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Colorado housing costs are the eighth cheapest in the country / Public News Service

Colorado housing costs are the eighth cheapest in the country / Public News Service

Colorado remains the eighth worst state in the U.S. for housing, according to a new report from the National Low Income Housing Coalition.

Although minimum wages have been raised at the state and local levels—to $18.29 an hour in Denver—Colorado residents must earn nearly $38 an hour to afford a modest apartment.

Cathy Alderman, communications and policy director for the Colorado Coalition for the Homeless, said it’s clear wages can’t keep pace with rising housing costs.

“Colorado has a very high minimum wage compared to the federal minimum wage and many other states, but we still lag behind when it comes to housing costs,” Alderman emphasized. “We need to think about policies that can reduce housing costs.”

A full-time worker earning the federal minimum wage can only afford $750 in rent per month. A welfare recipient can only afford $294. Boulder, Eagle and Summit counties top the list of the most expensive areas in Colorado. Service workers and other low-wage earners have to commute there for hours every day because they cannot afford housing where they work.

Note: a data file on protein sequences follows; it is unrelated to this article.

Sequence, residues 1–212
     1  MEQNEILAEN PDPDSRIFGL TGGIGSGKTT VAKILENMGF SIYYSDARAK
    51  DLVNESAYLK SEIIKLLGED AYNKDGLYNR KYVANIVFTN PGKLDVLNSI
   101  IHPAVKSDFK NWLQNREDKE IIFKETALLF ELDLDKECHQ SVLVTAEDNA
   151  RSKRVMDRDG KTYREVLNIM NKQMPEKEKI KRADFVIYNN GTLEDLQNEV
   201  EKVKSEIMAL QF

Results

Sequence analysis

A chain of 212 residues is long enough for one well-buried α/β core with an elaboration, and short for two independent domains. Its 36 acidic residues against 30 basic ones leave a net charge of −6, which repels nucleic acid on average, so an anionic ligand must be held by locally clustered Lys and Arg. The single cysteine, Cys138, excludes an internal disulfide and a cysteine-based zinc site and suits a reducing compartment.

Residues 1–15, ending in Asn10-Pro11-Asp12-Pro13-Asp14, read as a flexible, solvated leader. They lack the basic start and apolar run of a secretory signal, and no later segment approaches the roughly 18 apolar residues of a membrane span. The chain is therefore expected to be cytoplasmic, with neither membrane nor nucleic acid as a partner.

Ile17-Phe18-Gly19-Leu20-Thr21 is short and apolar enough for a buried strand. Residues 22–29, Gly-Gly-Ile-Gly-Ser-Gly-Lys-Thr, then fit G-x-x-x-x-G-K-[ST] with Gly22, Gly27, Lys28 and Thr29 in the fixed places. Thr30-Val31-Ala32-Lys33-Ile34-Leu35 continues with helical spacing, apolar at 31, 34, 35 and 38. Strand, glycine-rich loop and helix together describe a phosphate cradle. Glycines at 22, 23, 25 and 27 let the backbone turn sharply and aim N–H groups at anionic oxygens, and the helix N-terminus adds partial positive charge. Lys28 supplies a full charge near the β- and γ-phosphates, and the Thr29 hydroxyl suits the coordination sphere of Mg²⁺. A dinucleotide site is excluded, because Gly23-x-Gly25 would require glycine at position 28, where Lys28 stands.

For years, thousands of new housing units have been built along the Front Range, but they are priced more toward hedge funds and other investors than the average working family. Alderman argued that the housing crisis will not be solved by market forces alone.

“There are over 20,000 luxury and market-rate rental apartments in the Denver metropolitan area that are vacant because people can’t afford them,” Alderman noted. “There’s no incentive to lower rent to make it more affordable.”

The federal government stopped investing in housing decades ago, but a housing crisis response bill is currently pending in the U.S. Congress that would create nearly 1.4 million affordable homes and help nearly 300,000 households pay their rent.

Alderman believes the federal government, which has far more revenue streams than state and local governments, has a role to play.

“State and local governments have tried to invest more in housing,” Alderman acknowledged. “But without federal money, they can’t get very far. So I think it’s time for the federal government to look at this as a nationwide crisis, not just a local crisis.”

Disclosure: The Colorado Coalition for the Homeless donates to our fund for coverage of budget policies and priorities, health issues, housing/homelessness and poverty issues. If you would like to help us cover news in the public interest, click here.

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